Installing the jib car track should be a simple deal. Get track, cut to length, bolt it onto the boat. Soooo easy.
Well, the folks who made the track we need went out of business, but, hey, lucky us! Someone bought all their stock, and now they will sell it to us. All we had to do is have Warren meet them at a rest area by the highway so the truck could stop on it’s way to somewhere else and drop off the 2 lengths that we needed. “So, youse showed up? Well my pal and I was thinkin… the price of gas bein what it is, we thinks the items you wants now cost twice as much. Youse gots a problem with that? That’s a nice car you gots there. Shame if someone was to drive a truck into it and break the drivers legs or somethin, know what I mean?”
Ok, so we get 2 lengths of bronze track, a total of 20′ 2″ for over $700.
Cutting it to length was easy. At that price, I should save the shavings.
Now, comes the fun part: shaping it. The boat is curved, so a straight length of track stuck on it would look awful. So, it has to be curved to match the sweep of the boat. The curve goes side-to-side, through the thickest part of the track, so there’s no way to do it by hand. The track is way too thick for that. No kinks, and no mess-ups, because bronze can break if you bend it back and forth too much. No pressure, but hey, don’t screw up.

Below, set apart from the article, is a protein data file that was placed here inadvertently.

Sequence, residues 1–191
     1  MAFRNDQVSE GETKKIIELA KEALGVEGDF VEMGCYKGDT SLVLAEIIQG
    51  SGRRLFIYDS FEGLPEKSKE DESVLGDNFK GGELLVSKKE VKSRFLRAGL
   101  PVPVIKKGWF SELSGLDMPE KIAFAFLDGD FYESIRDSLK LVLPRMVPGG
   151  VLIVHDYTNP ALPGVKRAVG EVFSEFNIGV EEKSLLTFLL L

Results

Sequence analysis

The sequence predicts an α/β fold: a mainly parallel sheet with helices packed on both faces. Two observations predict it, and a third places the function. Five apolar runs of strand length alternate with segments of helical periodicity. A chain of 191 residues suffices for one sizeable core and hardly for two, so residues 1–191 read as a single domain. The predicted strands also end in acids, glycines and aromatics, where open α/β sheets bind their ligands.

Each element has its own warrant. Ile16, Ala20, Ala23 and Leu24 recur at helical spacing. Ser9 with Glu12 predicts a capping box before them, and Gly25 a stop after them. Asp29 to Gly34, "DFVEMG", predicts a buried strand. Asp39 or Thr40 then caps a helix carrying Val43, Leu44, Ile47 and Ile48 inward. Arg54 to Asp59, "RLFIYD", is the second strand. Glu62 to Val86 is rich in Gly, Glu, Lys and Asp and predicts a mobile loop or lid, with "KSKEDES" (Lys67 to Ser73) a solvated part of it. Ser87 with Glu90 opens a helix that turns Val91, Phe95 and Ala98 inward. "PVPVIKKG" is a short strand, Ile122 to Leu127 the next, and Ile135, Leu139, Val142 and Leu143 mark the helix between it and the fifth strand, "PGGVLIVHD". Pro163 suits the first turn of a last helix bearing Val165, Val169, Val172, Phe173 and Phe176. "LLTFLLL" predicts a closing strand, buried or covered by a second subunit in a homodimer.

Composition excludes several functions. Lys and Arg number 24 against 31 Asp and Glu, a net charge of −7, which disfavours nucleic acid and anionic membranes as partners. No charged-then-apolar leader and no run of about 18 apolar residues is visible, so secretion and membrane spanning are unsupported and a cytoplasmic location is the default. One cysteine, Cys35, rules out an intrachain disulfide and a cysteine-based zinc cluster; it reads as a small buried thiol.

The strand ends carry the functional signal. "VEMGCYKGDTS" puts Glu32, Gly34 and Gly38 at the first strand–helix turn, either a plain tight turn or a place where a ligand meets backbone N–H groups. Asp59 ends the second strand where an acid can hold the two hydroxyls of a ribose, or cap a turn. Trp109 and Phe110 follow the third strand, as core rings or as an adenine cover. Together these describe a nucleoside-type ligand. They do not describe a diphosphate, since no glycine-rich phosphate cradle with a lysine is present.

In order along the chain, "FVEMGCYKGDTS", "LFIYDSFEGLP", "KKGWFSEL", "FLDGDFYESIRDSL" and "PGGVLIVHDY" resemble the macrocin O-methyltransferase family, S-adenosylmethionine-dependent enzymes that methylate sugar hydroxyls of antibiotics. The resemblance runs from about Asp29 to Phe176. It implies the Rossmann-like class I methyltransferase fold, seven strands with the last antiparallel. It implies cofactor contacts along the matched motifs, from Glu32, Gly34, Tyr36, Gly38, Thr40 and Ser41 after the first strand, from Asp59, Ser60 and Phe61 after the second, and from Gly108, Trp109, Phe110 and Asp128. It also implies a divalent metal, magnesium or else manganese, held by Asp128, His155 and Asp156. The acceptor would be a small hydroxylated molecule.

So, I templated out the curve of the cap rail where this will go, to get the proper curve, and made up a jig to bend this sucker.
This is the same metal bending press I used earlier for shaping the swallowtails that brace the running backstays. In this case, the jig has to hold the track vertical, and not dent the soft bronze while it gets pressed. Continue reading “More metal work & a lone caulking seam”